**Chapter 6: Problem Solving and Algorithm Design**
George Polya

George Polya was born in Budapest on December 13, 1887. Although he became known as a world famous mathematician, he did not show an early interest in mathematics. His lack of interest might be explained by his memory of three high school mathematics teachers: "two were despicable and one was good."

In 1905, Polya entered the University of Budapest, where he studied law at the insistence of his mother. After one very boring semester, he decided to study languages and literature. He earned a teaching certificate in Latin and Hungarian--and never used it. He became interested in philosophy and took courses in math and physics as part of his philosophy studies. He settled on mathematics, commenting that "I am too good for philosophy and not good enough for physics. Mathematics is in between." He received his Ph.D. in mathematics in 1912, which launched his career.

Polya did research and taught at the University of GĂ¶ttingen, the University of Paris, and the Swiss Federation of Technology in Zurich. While in Zurich he interacted with John von Neumann, about whom he said, "Johnny was the only student I was ever afraid of. If, in the course of a lecture, I stated an unsolved problem, the chances were he'd come to me as soon as the lecture was over, with the complete solution in a few scribbles on a slip of paper."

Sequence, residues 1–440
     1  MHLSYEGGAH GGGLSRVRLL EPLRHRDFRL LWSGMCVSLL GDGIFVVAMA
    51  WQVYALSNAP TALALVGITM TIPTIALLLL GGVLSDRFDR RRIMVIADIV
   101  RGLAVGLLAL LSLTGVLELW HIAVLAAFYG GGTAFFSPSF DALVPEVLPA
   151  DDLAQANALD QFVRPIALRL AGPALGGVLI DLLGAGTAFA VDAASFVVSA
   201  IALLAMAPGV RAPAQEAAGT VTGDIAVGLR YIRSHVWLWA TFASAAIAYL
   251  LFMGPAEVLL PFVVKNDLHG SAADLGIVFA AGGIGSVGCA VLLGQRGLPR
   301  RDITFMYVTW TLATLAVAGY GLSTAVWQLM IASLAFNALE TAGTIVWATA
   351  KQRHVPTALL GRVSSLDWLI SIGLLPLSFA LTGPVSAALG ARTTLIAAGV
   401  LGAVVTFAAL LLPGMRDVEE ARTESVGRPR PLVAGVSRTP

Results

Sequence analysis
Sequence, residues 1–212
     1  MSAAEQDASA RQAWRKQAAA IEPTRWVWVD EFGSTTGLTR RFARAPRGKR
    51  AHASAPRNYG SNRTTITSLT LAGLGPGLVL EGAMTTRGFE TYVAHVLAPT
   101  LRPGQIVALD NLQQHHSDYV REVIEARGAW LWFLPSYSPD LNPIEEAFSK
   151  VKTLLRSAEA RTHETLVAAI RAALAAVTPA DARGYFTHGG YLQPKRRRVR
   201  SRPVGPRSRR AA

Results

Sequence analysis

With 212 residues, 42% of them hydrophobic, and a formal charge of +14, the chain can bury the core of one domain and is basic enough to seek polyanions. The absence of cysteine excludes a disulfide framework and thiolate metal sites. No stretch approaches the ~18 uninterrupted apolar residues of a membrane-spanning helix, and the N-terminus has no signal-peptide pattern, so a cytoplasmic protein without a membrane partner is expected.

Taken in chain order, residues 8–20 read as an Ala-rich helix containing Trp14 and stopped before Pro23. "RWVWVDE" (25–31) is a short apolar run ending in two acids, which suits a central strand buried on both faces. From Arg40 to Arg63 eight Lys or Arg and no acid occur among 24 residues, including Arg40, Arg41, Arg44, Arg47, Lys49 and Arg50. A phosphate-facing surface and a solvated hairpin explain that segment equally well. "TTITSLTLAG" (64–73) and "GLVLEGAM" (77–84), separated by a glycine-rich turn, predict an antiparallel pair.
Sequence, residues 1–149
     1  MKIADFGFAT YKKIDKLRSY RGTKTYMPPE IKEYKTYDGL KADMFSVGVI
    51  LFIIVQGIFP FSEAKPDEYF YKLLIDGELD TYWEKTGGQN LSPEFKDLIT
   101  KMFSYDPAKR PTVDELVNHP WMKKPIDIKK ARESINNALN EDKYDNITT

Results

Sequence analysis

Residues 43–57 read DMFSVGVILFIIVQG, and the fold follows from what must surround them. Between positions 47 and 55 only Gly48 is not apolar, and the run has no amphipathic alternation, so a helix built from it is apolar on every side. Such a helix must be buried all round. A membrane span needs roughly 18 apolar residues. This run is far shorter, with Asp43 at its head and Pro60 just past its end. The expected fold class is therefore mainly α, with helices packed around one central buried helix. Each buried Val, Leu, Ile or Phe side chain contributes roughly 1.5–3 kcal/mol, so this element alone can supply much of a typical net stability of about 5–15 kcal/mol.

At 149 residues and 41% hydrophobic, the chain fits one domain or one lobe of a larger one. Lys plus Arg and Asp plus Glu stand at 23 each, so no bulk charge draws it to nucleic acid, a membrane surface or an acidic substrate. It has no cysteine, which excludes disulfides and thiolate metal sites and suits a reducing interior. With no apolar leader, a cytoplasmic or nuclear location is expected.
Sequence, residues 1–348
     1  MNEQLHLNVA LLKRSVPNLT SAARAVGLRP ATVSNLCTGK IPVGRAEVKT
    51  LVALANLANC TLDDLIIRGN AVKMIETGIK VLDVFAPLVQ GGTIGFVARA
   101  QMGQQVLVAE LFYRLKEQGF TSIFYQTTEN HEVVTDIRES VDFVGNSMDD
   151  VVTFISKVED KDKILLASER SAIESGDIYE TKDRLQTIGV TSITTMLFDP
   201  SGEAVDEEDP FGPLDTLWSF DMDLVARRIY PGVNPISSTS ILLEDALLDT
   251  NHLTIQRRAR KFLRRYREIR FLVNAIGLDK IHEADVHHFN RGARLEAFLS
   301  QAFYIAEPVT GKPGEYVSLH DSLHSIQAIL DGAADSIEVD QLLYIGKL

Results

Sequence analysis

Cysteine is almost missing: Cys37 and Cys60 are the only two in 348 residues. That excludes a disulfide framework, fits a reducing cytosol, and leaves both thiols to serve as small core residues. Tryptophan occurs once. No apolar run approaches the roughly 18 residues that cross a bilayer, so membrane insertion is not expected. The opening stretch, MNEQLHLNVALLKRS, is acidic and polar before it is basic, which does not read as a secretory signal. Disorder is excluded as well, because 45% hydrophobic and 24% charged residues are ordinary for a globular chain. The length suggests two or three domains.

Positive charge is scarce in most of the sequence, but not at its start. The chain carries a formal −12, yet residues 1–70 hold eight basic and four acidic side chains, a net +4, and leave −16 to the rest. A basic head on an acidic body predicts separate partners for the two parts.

Like many Europeans of that era, he moved to the United States in 1940 because of the political situation in Germany. After teaching at Brown University for two years, he moved to Palo Alto to teach at Stanford, where he remained for the rest of his career.

Polya's research and publications encompassed many areas of mathematics, including number theory, combinatorics, astronomy, probability, integral functions, and boundary value problems for partial differential equations. The George Polya Prize is given in his honor for notable application of combinatorial theory.

Yet, for all George Polya's contributions to mathematics, it is his contribution to mathematics education for which he was the most proud and for which he will be the most remembered. His book, How to Solve It, published in 1945, sold over a million copies and was translated into 17 languages. In this book, Polya outlines a problem-solving strategy designed for mathematical problems. The generality of the strategy makes it applicable to all problem solving, however. Polya's strategy is the basis of the computer problem-solving strategy outlined in this text. Mathematics and Plausible Reasoning, published in 1954, was another book dedicated to mathematics education. He not only wrote about mathematics education, but also took an active interest in the teaching of mathematics. He was a regular visitor to the schools in the Bay Area and visited most of the colleges in the western states. The Math Center at the University of Idaho is named for him.

On September 7, 1985, George Polya died in Palo Alto at the age of 97.